👁 Most recently revised on 5 July 2014 by Pious Eye (David M. Hodges) 👁
I just posted the message below to a Gordon Clark discussion group on Yahoo!. Find the original post (minus added links) here. The series of three posts I found confusing may be found here, here, and here.
This whole discussion has me confused. My understanding of the Trinity is that the Triune God is one being (not one “person”) eternally existing as three persons and that the second of these divine persons, the Son or Word, added to his eternal full divine nature (full collection of attributes requisite to Godhood) a full human nature (collection of attributes requisite to manhood), remaining as always a single person, but now a single person possessing two full natures, the divine (which was his eternally) and the human (which he took upon himself in time but retains eternally). Also, by the way, the NaCl analogy troubles me, since it seems at odds with one of the attributes requisite to Godhood: simplicity. As I believe the Westminster standards put it, God does not have parts. None of the persons who is God can be a compound with parts.
God is either one person (A) or other than one person (not-A). These options comprehend the range of possibilities. Since God is three persons (Father, Son, and Holy Spirit), as Scripture reveals, God cannot be one person (unless you use “person” to mean two different things, which is hardly a good way to promote clear thinking in matters theological). I don’t recall which church father originated it, but it seems to me wisest to stick with the following traditional formulation of the Trinity: The Father is God; the Son is God; the Holy Spirit is God; The Father is not the Son or the Spirit; The Son is not the Father or the Spirit; The Holy Spirit is not the Father or the Son. To this we could add: The Father is one person; the Son is one person; the Holy Spirit is one person; God is three persons.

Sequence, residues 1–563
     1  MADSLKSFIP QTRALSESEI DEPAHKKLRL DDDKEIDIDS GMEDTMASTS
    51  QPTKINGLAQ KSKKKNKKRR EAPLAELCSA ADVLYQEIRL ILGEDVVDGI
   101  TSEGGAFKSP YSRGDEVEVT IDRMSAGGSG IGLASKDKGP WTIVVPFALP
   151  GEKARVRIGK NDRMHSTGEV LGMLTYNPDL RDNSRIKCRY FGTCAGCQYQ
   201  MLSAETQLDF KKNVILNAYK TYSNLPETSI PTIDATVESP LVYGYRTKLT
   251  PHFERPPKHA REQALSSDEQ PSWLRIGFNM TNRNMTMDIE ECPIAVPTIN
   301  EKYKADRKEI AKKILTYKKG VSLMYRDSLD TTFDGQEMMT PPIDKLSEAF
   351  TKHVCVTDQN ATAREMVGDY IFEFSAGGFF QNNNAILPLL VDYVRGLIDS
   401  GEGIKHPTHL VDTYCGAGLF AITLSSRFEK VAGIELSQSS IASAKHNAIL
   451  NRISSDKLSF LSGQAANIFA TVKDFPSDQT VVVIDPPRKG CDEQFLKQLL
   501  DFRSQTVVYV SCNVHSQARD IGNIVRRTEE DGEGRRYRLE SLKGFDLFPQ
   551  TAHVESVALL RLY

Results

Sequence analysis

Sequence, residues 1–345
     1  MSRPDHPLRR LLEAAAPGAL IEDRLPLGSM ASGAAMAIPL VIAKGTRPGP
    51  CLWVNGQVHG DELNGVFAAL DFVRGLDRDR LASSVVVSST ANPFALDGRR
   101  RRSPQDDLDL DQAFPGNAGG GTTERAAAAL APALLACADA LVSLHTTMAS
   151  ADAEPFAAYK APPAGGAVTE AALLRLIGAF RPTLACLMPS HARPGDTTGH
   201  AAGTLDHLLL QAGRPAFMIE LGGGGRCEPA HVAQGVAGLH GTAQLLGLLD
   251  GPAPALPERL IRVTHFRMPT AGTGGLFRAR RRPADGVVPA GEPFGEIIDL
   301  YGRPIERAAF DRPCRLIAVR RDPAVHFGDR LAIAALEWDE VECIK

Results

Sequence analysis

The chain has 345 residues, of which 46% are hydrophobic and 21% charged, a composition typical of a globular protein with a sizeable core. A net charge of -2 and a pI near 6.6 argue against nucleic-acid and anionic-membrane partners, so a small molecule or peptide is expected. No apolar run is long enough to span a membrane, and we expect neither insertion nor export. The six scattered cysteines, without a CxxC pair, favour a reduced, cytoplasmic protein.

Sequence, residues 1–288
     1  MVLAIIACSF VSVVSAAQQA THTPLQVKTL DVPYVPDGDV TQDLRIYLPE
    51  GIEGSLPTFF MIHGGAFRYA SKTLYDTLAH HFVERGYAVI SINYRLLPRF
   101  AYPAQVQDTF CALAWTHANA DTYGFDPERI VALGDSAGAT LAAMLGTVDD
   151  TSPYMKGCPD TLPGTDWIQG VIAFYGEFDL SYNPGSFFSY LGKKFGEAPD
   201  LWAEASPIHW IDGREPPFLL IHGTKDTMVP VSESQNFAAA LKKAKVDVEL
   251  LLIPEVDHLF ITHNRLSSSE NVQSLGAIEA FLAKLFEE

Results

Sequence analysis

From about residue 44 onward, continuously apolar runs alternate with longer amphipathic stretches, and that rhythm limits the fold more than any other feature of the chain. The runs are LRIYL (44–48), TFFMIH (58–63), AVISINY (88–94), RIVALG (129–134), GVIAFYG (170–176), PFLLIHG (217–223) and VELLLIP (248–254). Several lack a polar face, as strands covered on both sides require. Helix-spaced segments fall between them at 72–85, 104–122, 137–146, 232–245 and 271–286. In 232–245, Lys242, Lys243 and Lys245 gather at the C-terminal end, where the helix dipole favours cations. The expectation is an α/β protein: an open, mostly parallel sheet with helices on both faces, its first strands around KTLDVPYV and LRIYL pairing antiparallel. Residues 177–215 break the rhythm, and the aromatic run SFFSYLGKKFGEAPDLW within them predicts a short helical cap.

If you wish to say that God is “above human logic” (as I believed a Vantilian might but assumed a Clarkian would not), you may do so, but if you do you must also accept that what is “above human logic” is impossible for humans to talk or think about (to talk or think about coherently, at any rate). Since I’m not a doctrinaire disciple of either Clark or Van Til, I’m open (at least in principle) to allowing God’s unrevealed essence, about which some theologians and philosophers like to speculate, to be impossible for humans to discuss coherently. But since the function of online discussion groups is to foster coherent discussion, I think we must then limit our discussion of God’s nature to the coherent truths God has revealed in Scripture.
My apologies if I’ve totally missed your points. I can be quite simple-minded at times.
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More recently (04/24/2013), a friend emailed me an article on the Trinity. The source was not identified, but the theology seemed sound. I did find one statement bothersome and thought my comments about it appropriate to tack on here:
While true that God is “an infinite being whom our finite minds cannot fully comprehend,” I get uncomfortable with statements like “We believe in the Godhead not because we understand it, but because God has revealed it.” The nature of belief is such that one can only actually believe what one does understand. What we can believe about the Trinity is what we can understand about it from Scripture. Any other truths about the Trinity we cannot “believe” because we don’t know what they are.